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EUME ILC2022: Session V

2022-08-04 ILC July-August 2022 Session 5 London from UPF Europe and Middle East on Vimeo.

London, United Kingdom—Session V of the 2022 Europe-Middle East International Leadership Conference was titled “Conflicting Narratives and Values – Perspectives for a Common Vision and Culture of Peace.”

The session was the last of three held in London on August 4, 2022, in the Peace Embassy. The Europe-Middle East (EUME) ILC was one of the International Leadership Conferences organized worldwide in the summer of 2022 on the overall theme “Towards Peace and Security on the Korean Peninsula: Building a Global Culture of Peace.”

The first two EUME sessions were held in Berlin on July 26; sessions 3, 4 and 5 were held in London on August 4; sessions 6 and 7 were held in Larnaca, Cyprus, and Tirana, Albania, both on August 5.

Moderator Chantal Chételat Komagata, the coordinator of UPF-Europe, in her welcoming remarks recalled her shock at the outbreak of the war in Ukraine on February 24. And yet, unsolved tensions and opposing narratives and value systems between liberal democracies in the West and countries once under the influence of the Soviet Union were bound to surface, she said.

We have indeed failed to properly address these issues, Mrs. Komagata said—for instance, individual rights and freedom vs. responsibility and traditional values, as well as globalization vs. safeguarding national sovereignty and cultures. A higher – universally applicable – vision may be needed to transcend these seemingly contradictory value systems.

The first speaker was Caecilia Van Peski from the Netherlands, an academic fellow at the Institute for Peace and Conflict Studies at Juniata College and a member of the UN Senior Women Talent Pipeline.

As an educational cultural psychologist and a military commander in the Royal Dutch Navy, she always has been greatly interested in cultural relativism as well as the integrity of nations to make their own decisions. She mentioned a visit to the Demilitarized Zone (DMZ) between North and South Korea with students of South Korea’s Sungkyunkwan University, where she was teaching. At first, the students appeared to be  100 percent in favor of Korean reunification, but on closer inspection doubted its feasibility, especially considering the difference in mentality between the North and the South and the costs that unification would involve.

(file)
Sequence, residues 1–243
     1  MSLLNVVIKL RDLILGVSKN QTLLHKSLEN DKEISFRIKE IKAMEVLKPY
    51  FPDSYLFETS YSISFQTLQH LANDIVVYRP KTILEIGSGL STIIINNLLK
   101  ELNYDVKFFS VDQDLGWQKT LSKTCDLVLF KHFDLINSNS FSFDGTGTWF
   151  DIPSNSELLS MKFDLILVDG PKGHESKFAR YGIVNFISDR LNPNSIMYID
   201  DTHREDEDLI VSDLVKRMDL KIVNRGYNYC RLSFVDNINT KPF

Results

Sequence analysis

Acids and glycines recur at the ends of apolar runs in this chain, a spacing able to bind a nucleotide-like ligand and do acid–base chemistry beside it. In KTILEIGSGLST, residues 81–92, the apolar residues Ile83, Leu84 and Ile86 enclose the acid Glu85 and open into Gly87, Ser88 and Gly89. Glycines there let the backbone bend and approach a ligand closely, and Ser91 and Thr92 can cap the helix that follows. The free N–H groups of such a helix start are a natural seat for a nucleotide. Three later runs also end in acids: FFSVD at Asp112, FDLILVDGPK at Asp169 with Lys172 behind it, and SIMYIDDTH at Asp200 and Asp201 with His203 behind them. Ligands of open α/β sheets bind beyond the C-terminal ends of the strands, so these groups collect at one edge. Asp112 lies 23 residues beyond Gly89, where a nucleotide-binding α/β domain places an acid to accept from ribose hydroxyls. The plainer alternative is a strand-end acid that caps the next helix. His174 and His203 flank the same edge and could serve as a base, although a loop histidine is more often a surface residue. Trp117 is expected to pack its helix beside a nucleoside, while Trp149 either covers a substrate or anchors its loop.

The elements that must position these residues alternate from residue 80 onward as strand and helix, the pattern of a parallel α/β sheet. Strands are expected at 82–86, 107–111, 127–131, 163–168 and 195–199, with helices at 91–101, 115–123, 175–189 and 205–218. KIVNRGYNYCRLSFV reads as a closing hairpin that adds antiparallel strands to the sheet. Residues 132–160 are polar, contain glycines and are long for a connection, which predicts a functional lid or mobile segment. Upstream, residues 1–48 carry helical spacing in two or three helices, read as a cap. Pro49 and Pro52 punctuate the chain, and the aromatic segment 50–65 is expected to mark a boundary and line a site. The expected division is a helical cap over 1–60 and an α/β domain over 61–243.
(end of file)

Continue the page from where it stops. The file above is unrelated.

When working with Pora!, one of the biggest democratic youth movements in Ukraine, after the Orange Revolution, she was very inspired to see the aspirations those young people had for their country.

Children are not blank sheets of paper, Ms. Van Peski said. They inherit concepts and stereotypes from their environment and education, which sometimes need to be dealt with to level the road to peace. Bringing youngsters together at a very young age with projects such as those organized by CIVS International (Children’s International Summer Villages), a non-religious, non-political organization, allows them to learn from each other and to put things into perspective.

Ms. Van Peski said the war in Ukraine is likely to last for a long time. She called upon the participants to take care of the refugees and to educate young people from an early age about universal values. She called for better leaders in society – both men and women – who do not aim solely at wealth and self-interest, but show thoughtfulness, empathy, respect and compassion.

Dr. Willy Fautré from Belgium, the CEO and director of Human Rights Without Frontiers International, reflected on the link between conflicting values and narratives, on the one side, and the outbreak of certain wars, on the other side. Internal conflicts and wars between neighboring countries do not suddenly emerge from a vacuum, as can be seen in Ethiopia or Ukraine. They are often the result of ongoing tensions deeply rooted in history or conflicting narratives.